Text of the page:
On 11/12 December, the all the remnants of the original Sparrow Force except for a few officers were evacuated, together with a number of Portuguese civilians, by the Dutch destroyer Tjerk Hiddes. During the first week of January 1943, it was decided to withdraw Lancer Force, and during the night of 9/10 January most of the 2/4th Independent Company and 50 Portuguese were evacuated by the Australian destroyer Arunta. A small intelligence team (S Force) was left, but its presence was soon detected by the Japanese. Using ‘folboat’ collapsible kayaks, and in company with the remnants of Lancer Force, S Force made its way to the eastern tip of Timor, where the Australian and British Z Special Unit was also operating, and were evacuated by the US submarine Gudgeon on 10 February. Some 40 Australian commandos were killed during this phase of the fighting, in which it is believed that the Japanese lost as many as 1,500 men.

While the campaign on Timor had possessed no real strategic importance, the Australian commandos had prevented an entire Japanese division from being used in the earlier phases of the New Guinea campaign, and had inflicted a disproportionate level of casualties on them. In contrast with those in Java, Ambon and Rabaul, Australian operations in Timor had been considerably more successful. They had also proved that in the right circumstances, unconventional operations could be both versatile and more economic than conventional operations, for which the Allies currently lacked the resources. Most civilian deaths, estimated variously at figures between 40,000 and 70,000, resulted from Japanese reprisal operations.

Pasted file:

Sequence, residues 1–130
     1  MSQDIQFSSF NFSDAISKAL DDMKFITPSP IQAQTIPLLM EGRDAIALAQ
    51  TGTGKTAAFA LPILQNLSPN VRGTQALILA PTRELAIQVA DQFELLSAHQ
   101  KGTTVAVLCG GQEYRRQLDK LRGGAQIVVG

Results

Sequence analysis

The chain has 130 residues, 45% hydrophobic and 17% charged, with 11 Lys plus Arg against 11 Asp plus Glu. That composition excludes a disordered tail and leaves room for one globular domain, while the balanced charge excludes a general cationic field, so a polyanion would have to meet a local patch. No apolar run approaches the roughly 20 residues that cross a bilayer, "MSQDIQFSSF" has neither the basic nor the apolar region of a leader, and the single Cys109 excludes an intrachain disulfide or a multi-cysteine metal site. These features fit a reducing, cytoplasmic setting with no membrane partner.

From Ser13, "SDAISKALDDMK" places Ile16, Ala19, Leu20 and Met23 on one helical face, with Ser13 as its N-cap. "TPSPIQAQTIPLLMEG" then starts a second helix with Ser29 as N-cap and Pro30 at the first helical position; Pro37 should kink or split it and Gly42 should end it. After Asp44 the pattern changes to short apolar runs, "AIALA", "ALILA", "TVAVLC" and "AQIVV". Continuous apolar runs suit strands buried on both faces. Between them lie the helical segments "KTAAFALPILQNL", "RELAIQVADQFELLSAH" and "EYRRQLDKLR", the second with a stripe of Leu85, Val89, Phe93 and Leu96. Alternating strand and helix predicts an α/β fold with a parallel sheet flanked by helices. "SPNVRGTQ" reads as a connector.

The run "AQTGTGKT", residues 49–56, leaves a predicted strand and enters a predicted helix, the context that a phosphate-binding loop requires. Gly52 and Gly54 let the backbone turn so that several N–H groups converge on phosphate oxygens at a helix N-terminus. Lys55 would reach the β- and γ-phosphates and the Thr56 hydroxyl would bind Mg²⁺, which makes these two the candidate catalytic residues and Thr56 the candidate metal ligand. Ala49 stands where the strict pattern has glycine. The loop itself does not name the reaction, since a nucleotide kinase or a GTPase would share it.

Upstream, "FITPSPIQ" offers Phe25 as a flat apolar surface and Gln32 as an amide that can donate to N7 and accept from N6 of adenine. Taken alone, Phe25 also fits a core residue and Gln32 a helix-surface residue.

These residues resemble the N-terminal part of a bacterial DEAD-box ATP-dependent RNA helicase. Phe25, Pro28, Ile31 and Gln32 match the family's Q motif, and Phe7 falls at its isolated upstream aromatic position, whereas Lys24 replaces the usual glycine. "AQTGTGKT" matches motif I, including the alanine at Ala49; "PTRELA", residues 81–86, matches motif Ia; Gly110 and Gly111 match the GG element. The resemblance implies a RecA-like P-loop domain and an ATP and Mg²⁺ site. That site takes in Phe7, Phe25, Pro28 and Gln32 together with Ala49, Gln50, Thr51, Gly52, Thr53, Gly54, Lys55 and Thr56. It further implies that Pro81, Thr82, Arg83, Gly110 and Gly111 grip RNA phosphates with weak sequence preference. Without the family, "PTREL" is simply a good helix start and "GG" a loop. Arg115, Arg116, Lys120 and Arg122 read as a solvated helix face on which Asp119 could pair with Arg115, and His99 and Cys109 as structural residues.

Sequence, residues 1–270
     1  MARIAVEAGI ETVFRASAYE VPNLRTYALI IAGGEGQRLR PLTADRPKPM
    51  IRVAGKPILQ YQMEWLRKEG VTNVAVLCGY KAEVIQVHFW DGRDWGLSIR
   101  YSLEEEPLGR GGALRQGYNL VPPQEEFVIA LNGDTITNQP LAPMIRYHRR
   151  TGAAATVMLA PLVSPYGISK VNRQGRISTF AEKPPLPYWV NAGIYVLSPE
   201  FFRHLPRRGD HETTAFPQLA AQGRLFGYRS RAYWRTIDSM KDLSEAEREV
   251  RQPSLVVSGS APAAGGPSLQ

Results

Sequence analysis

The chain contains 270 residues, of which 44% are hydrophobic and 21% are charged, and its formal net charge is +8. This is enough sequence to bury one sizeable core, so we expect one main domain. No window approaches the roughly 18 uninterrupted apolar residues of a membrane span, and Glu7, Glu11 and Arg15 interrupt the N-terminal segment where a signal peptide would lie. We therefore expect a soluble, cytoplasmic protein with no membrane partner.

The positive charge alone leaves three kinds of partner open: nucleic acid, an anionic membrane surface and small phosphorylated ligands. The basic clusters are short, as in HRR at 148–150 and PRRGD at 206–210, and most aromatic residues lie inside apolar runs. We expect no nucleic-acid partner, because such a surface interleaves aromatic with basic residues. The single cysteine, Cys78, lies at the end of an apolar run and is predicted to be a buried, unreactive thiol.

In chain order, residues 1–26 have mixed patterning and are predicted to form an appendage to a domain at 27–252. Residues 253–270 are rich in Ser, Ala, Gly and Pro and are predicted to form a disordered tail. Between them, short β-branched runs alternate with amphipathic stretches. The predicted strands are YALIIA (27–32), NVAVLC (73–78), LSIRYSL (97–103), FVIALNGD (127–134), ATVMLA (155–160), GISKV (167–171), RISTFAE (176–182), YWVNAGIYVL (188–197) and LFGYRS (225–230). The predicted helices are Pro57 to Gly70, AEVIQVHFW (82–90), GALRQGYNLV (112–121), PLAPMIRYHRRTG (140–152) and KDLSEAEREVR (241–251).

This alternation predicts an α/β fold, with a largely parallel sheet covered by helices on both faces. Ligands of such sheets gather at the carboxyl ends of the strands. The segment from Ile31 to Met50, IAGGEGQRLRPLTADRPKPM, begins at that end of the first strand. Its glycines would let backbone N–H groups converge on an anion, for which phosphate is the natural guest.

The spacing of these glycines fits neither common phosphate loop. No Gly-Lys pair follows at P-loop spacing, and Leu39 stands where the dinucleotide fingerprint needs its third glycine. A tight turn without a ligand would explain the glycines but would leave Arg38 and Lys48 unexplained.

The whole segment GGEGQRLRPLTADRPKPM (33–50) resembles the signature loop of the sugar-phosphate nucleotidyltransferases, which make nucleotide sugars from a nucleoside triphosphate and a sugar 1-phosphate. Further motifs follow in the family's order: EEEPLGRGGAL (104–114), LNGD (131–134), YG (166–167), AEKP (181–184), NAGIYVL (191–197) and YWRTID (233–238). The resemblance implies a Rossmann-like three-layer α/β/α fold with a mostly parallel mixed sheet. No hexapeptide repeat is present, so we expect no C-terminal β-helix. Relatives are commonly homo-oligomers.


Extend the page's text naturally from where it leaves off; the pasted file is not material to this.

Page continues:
The Japanese remained in control of Timor until their surrender in September 1945. On 5 September 1945, the Japanese commander met the Portuguese governor, Manuel de Abreu Ferreira de Carvalho, effectively returning power to him and placing the Japanese forces under Portuguese authority. On 11 September, the Australian Timor Force arrived in Kupang harbour and accepted the surrender of all Japanese forces on Timor from the latter’s senior officer, Colonel Kaida Tatsuichi of the 4th Tank Regiment. Australian troops then organised the disposal of arms by Japanese work parties before returning to West Timor for the surrender of Lieutenant General Yamada Kunitaro, commander of the 48th Division.

The Japanese conquest of Timor (I)

The Battle of Timor resulted in the Japanese seizure of the island of Timor, on which the colonial powers were the Netherlands and Portugal, to the north-west of Darwin in the Australian Northern Territory. The Japanese invaded the island on 20 February 1942 and were resisted by a small Allied force. This Sparrow Force comprised for the most part Australian, British and Dutch personnel. Overcoming a brief but intense defence, the Japanese forced the surrender of the bulk of the Allied force after three days of fighting, although several hundred Australian commandos continued to wage an unconventional raiding campaign with the aid of supplies delivered by air and sea from Darwin, which lies 400 miles (645 km) across the Timor Sea. During the fighting which followed the Japanese suffered major losses, but were eventually able to contain the Australians, whose last survivors were evacuated on 10 February 1943.